High-volume lithography is used today to produce posters, leaflets, brochures, stationery, maps, books, newspapers, and packaging — just about any smooth, mass-produced item with print and graphics on it. Most books, indeed all types of high-volume text, are now printed using offset lithography
Lithography originally used an image drawn in wax or other oily substance applied to a lithographic stone as the medium to transfer ink to the printed sheet. In modern times, the image is often made of polymer applied to a flexible aluminium plate. The flat surface of the plate or stone is slightly roughened, or etched, and divided into hydrophilic regions that accept a film of water and thereby repel the greasy ink, and hydrophobic regions that repel water and accept ink because the surface tension is higher on the greasier image area which remains dry. The image may be printed directly from the stone or plate (in which case it is reversed from the original image) or may be offset by transfer to a flexible sheet, usually rubber called a blanket, for transfer to the printed article.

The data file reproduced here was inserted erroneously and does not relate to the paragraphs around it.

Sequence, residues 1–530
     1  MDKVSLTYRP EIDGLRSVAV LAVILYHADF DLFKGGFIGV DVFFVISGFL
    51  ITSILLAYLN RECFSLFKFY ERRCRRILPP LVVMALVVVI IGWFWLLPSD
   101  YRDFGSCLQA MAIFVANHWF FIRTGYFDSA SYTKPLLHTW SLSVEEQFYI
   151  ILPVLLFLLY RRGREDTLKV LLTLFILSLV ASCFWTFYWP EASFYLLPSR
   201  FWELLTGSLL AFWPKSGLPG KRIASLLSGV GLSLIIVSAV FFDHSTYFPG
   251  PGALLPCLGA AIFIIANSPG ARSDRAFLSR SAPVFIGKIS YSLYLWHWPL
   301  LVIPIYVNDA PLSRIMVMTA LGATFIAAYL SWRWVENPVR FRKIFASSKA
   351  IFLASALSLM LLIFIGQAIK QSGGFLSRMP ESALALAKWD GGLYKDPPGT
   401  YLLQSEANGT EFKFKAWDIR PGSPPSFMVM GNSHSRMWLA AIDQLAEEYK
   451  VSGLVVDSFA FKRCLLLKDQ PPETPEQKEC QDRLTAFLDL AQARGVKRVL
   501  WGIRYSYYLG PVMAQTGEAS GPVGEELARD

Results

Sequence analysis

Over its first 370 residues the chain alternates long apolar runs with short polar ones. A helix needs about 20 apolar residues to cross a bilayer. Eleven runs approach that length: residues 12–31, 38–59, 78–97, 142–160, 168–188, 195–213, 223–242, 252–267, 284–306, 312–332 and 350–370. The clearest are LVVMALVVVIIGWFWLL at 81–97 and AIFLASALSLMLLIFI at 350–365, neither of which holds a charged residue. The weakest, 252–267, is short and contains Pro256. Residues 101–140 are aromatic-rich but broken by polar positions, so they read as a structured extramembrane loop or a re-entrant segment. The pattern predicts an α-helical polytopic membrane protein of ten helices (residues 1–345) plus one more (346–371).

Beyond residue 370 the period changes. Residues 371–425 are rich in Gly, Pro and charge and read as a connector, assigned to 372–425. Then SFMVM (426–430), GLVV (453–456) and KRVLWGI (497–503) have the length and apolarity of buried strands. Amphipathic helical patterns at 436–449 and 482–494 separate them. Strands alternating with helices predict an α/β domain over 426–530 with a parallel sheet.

This process is different from gravure or intaglio printing where a plate is engraved, etched or stippled to make cavities to contain the printing ink, and in woodblock printing and letterpress where ink is applied to the raised surfaces of letters or images.
Most books, indeed all types of high-volume text, are now printed using offset lithography, the most common form of printing production but digital processes are catching up fast and in some cases ahead.